A long time ago, I wrote a post (twice actually; the first one was erased) entitled On Chumra. In it. toward the end, I addressed the original chumra of the Aseret Yemei Teshuva - eating chullin al taharat ha-kodesh, 'plain' unsanctified food in a state of ritual purity. It goes without saying that this was an androcentric chumra, as women weren't always capable of eating chullin be-tahara, but I digress. The point is (see the Maharsha on the Rabbi Safra story at the end of Makkot- if I get a chance, I'll post it in full) that this behavior wasn't simply a supererogatory act, but the product of a completely different way of looking at the world; one in which there's noi room for 'chullin'. When one sees God in every part of creation, then even the mundane realm of unsanctified food betrays God's Presence, and one must act accordingly. Even if one does not live in that state of consciousness year-round, we hope that during the 10 days of repentance, God is 'close' (kir'uhu behyoto karov) on the brain a bit more, and we are forced to evaluate the most minor of our actions by His Light (ori - is Rosh Hashana, ve-hamevin yavin, ve-acamo"l).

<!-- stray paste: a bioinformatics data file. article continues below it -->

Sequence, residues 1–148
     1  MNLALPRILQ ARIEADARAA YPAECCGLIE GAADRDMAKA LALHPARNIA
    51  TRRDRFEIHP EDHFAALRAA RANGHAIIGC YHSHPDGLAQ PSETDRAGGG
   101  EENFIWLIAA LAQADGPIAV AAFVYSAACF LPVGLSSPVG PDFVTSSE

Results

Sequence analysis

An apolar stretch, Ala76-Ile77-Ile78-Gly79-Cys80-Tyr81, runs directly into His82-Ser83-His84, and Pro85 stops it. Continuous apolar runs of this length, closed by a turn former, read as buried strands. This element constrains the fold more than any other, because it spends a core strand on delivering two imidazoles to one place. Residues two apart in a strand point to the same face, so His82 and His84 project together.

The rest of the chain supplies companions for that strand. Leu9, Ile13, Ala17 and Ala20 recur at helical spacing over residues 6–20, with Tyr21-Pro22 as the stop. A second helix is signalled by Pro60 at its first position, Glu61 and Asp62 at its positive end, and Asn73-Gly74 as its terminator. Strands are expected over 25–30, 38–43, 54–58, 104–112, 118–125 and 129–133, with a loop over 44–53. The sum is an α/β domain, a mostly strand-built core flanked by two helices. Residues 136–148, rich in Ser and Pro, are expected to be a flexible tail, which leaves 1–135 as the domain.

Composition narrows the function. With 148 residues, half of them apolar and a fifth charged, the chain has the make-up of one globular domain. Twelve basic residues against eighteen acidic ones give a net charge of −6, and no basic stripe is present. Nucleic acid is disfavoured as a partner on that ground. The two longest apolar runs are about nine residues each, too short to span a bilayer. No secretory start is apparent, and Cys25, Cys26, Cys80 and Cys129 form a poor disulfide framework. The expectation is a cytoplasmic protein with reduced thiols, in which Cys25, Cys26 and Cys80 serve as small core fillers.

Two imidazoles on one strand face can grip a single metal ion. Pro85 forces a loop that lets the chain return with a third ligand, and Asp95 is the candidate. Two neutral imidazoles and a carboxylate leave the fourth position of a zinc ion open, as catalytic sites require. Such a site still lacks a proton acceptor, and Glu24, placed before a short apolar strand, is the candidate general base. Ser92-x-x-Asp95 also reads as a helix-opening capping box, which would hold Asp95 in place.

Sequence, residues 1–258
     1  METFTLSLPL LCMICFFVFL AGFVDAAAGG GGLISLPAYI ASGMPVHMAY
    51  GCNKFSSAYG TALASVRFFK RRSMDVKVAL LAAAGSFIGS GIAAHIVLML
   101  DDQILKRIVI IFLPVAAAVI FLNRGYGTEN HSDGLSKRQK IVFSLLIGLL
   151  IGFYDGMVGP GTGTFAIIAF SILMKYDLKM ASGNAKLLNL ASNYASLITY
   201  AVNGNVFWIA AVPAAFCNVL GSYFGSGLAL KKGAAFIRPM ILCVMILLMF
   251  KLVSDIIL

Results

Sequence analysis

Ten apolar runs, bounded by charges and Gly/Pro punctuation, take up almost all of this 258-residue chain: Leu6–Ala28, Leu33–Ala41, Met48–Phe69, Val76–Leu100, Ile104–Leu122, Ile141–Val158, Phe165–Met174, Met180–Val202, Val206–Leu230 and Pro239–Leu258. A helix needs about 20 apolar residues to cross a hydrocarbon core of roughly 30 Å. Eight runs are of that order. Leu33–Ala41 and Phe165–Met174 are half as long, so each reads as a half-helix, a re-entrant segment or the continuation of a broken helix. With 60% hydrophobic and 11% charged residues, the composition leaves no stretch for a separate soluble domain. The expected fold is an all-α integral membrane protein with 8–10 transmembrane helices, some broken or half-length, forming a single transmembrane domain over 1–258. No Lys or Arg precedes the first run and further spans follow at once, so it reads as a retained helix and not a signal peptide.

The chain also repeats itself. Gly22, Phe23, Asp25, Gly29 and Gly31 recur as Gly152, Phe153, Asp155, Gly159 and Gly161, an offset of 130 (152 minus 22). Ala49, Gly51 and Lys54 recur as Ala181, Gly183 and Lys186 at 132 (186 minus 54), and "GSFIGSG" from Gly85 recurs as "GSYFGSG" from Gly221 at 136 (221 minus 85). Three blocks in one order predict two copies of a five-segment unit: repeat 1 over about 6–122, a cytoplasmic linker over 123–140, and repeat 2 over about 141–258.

The impulse toward chumra during the 10 Days of Repentance must be seen in this regard. It's not about trying to make up for lost time, or about living according to some ideal for a temporary period, definitely not about trying to convince ourselves that this is the 'real' us, and most certainly not about trying to dupe ourselves, our firends or God. We're not that stupid, especially God.
The beloved Yerushalmi that calls the one who performs uncommanded a hedyot is making exactly this point. A hedyot is someone who is unspecial, regular, average. Behaving as though you live within a particular state of consciuousness without actually being there only calls attention to your mediocrity and misplaced righteousness. It's like a civilian Kohen dressing in the High Priest's garb; who do you think you're fooling, idiot?
May we be inspired to truly attain a more Godly worldview, to look at the world with God-colored glasses, as my friend Steg says, and allow that to be reflected in our behavior without contrived temporary norms.
Gmar Chatima Tova.